|some recent books
||[Oct. 24th, 2010|10:20 am]
Hilary Mantel, Wolf Hall - eh. I'm not so very excited about Tudor court history but I was hoping the strength of the writing would work for me, and Thomas Cromwell is a very interesting angle given his non-noble background. Loved the early stuff as Wolsey was falling and he was finding his place, but the later stuff and particular her portrayal of the Boleyns didn't work for me. Also super disappointed to hear she's writing a sequel - the gift of the book is that it ends in a place where you see all the elements of Cromwell's disaster starting to line up, but he doesn't.|
David Mitchell, The Thousand Autumns of Jacob de Zoot - love love love. I'm utterly convinced David Mitchell is a writer with a project, and it's delight to figure out what he's doing here. The book is jammed full of plot, some of it over the top plot, but nonetheless manages to be an eleoquent story about the possibilities of agency that never indulges itself in simplistic fantasies that heroism is the trick of it. Also very smart about colonialism and what that means for human relations. The final pages are absolutely gripping - I literally could not put it down. And a wonderful writing style that plays with an aesthetic sensibility that tries to capture place without falling into Orientalism. This was a winner.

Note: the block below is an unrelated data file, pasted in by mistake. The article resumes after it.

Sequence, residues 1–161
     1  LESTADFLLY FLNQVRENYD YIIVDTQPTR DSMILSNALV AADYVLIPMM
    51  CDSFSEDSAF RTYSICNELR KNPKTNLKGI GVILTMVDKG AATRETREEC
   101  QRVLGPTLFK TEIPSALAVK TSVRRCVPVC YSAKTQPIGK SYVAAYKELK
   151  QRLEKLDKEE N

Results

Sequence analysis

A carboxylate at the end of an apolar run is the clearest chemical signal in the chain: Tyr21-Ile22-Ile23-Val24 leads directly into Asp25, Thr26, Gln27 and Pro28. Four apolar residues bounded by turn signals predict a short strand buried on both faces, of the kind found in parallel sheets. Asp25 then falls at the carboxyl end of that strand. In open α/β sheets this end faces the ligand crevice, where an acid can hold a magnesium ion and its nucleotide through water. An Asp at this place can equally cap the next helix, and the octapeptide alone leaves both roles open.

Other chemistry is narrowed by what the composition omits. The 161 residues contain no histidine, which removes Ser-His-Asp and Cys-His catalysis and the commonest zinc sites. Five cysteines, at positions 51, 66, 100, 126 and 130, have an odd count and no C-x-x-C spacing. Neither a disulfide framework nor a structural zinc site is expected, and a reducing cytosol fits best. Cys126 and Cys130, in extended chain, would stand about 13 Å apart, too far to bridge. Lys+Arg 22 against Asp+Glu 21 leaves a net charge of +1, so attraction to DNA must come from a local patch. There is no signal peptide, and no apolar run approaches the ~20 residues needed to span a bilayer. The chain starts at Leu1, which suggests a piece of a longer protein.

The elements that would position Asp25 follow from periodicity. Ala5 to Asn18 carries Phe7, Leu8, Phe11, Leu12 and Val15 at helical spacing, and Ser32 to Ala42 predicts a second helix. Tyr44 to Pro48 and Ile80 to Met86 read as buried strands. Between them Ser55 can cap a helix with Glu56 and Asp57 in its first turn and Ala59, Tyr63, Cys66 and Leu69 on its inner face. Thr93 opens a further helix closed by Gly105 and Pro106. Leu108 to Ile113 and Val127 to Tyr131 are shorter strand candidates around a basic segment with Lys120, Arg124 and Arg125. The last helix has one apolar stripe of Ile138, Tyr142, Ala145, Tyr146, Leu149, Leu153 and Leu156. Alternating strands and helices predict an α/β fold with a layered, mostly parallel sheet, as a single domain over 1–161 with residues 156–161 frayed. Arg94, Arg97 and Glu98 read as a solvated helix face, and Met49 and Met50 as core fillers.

Christina Garcia, The Lady Matador's Hotel. Picked it up at the library because I heard the tail end of a positive review on the radio, though a review that made it sound pretty twee. Very skeptical at the beginning, ending up finding it pretty great. The various points of view - the multiracial lady matador, the genocidal army officer, the suicidal Korean business man with the pregnant fifteen year old mistress, the revolutionary turned chambermaid all cross paths at a hotel in an unnamed Latin American city. Eloquent about grief and anger and death.
Lois Bujold, CryoBurn. Wanted to love it. Don't think I did. My favorite Bujold books are the ones where the plot drives a profound exploration of character. This one does not, particularly, since the Big Events go down in literally the last pages. You could argue that the child POV represents the place this happens most directly, and I don't think the book would have worked without Jin, but it's hard for his journey to hold weight against a character so well known from so many previous volumes. I did love the class politics in this one, which were perhaps more explicit than any of the previous. Nice to see Miles' privilege made so visible and consequential in multiple directions. So, dunno. Feels like a place holder in the same way Diplomatic Immunity was - I think the series needs something as shattering as Memory at this point. Maybe if there's another it will go that way, working through the consequences of this one. Still, I really enjoy even her lesser works - such a lovely combination of high humor, fantastic capers, and deep philosophical questions.
Up next: Freedom, How to Life Safely in a Scienficitonal Universe, the last Saramago (can't remember the name).